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From Ancient Greek σημασία (sēmasía, the meaning of a word) + -λογία (-logía, -logy, branch of study), from σημαίνω (sēmaínō, I show by a sign, signify), from σῆμα (sêma, a mark, sign).



semasiology (usually uncountable, plural semasiologies)

  1. (linguistics) Semantics; a discipline within linguistics concerned with the meaning of a word independent of its phonetic expression.
    • 1992, Brigitte Nerlich, Semantic Theories in Europe, 1830-1930, →ISBN:
      Stylistics seemed to have become a four-letter-word in German semasiology, a fact that shows how far official German semasiology had shifted away from Reisig's initial outline, and how different it was from Bréal's semantics of language-use and Wegener's semantics of communication.
    • 2001, Federica Busa, et al., The Language of Word Meaning
      "The early theories of semasiology attempted to account for meaning shifts in language."
    • 2002, Nicolas Slonimsky, et al., The Listener's Companion: Great Composers and Their Works.
      It must be left to students of musical semasiology to account for the psychological association that exists between the spiritual concept of goodness and saintliness and the notational accident of the absence of sharps and flats in the key signature, which results in the 'whiteness' of the music.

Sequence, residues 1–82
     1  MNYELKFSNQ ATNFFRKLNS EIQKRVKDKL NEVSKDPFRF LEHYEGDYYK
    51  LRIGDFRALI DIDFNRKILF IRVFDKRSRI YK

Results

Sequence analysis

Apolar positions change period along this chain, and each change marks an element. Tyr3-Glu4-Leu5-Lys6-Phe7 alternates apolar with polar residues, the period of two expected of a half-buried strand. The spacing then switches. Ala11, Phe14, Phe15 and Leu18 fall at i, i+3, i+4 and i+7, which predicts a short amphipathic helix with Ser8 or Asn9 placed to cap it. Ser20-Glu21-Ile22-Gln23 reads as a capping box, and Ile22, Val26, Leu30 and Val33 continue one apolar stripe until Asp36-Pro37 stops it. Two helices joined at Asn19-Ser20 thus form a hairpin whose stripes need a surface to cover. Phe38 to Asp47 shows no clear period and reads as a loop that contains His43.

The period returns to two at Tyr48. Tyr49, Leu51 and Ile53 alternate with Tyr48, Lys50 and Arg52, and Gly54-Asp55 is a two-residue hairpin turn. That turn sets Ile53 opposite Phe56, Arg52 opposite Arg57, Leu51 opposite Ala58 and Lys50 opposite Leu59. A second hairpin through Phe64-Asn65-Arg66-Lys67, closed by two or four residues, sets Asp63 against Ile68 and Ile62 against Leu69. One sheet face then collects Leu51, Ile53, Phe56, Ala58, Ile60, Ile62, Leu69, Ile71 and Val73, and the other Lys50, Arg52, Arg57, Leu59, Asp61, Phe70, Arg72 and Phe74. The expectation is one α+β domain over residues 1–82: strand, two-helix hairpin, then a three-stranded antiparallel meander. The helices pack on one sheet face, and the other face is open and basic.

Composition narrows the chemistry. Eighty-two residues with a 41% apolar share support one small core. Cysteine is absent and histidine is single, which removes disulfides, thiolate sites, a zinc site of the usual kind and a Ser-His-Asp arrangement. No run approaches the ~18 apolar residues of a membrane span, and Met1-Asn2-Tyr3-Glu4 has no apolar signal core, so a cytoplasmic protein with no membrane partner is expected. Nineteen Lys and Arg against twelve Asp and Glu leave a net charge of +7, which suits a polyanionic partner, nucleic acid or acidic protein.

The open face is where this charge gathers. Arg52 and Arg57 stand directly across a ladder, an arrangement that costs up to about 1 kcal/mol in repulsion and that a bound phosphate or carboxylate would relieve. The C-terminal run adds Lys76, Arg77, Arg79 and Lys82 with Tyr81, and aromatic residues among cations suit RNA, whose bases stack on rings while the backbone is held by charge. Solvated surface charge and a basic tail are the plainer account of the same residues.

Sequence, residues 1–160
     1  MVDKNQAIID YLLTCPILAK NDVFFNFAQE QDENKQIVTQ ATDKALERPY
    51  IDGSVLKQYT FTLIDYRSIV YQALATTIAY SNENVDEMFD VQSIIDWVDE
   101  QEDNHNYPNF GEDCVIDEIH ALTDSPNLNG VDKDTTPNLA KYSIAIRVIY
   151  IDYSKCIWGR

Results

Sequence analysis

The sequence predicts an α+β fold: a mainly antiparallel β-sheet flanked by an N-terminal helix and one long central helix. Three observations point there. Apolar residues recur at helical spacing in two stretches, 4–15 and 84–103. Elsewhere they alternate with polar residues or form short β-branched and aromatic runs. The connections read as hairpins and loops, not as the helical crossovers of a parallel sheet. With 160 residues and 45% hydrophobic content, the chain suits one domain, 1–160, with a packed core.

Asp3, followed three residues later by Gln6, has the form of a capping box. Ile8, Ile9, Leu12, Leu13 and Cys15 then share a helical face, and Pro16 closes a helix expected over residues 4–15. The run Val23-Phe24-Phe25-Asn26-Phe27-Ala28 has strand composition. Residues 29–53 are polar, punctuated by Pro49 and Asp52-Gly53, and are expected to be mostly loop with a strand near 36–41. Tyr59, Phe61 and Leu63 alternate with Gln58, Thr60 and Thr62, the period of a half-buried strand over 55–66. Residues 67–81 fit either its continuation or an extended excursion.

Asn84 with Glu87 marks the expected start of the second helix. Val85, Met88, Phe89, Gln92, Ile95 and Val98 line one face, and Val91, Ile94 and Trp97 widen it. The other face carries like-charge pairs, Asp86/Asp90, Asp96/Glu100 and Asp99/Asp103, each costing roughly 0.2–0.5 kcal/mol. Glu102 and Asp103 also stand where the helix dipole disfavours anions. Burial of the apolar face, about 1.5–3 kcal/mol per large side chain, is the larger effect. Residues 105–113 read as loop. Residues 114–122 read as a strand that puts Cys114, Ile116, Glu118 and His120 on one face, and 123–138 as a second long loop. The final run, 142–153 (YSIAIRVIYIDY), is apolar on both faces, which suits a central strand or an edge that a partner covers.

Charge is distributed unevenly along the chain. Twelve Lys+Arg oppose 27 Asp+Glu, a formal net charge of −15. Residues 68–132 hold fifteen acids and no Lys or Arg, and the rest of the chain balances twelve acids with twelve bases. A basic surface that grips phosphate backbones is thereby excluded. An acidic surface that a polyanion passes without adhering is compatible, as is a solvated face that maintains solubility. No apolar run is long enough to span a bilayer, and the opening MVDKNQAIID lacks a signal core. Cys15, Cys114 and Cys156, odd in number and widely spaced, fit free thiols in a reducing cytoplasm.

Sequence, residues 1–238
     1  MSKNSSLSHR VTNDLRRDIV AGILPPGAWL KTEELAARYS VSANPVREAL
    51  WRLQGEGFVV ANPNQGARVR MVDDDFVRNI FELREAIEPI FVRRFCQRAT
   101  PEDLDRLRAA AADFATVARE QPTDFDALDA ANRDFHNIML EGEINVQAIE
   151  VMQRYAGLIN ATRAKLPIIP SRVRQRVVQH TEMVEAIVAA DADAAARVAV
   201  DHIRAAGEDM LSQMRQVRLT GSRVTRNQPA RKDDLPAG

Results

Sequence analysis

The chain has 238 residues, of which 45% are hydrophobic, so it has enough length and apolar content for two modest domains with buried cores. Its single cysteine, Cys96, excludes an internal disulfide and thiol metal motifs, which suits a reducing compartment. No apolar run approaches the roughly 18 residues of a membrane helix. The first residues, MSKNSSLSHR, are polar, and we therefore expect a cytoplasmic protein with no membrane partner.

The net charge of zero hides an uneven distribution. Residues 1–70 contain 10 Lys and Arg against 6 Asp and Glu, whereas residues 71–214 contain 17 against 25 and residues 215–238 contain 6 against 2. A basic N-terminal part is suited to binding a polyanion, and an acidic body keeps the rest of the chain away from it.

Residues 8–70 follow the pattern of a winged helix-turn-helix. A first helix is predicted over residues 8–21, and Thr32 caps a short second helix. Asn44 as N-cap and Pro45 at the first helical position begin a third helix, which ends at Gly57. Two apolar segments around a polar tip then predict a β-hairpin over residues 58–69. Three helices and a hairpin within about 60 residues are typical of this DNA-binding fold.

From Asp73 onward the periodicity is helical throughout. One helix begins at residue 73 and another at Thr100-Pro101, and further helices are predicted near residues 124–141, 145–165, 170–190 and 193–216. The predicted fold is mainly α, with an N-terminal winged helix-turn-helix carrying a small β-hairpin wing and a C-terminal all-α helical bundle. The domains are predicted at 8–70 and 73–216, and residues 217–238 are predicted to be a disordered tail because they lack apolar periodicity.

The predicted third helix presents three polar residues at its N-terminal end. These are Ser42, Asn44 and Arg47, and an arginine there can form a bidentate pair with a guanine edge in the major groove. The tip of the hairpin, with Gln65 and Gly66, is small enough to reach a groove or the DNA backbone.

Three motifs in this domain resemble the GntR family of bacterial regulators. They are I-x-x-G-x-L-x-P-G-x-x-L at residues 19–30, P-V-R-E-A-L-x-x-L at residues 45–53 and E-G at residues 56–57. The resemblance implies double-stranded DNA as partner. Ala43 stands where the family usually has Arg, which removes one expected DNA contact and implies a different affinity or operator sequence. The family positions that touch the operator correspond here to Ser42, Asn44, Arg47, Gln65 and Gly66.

Usage notes[edit]

The term "semasiology" was introduced before 1829 by K. Reisig. It predates the term semantics and originally meant what "semantics" has come to mean. At this point, the term "semantics" is more common, and various attempts have been made to differentiate the two words by giving "semasiology" a narrower meaning. The narrower meanings currently in use include: The study of historical semantic change, cognitive semantics, lexical semantics, and those aspects of semantics other than onomasiology. However, there is no universal consensus on which, if any, of the narrower meanings are accepted.

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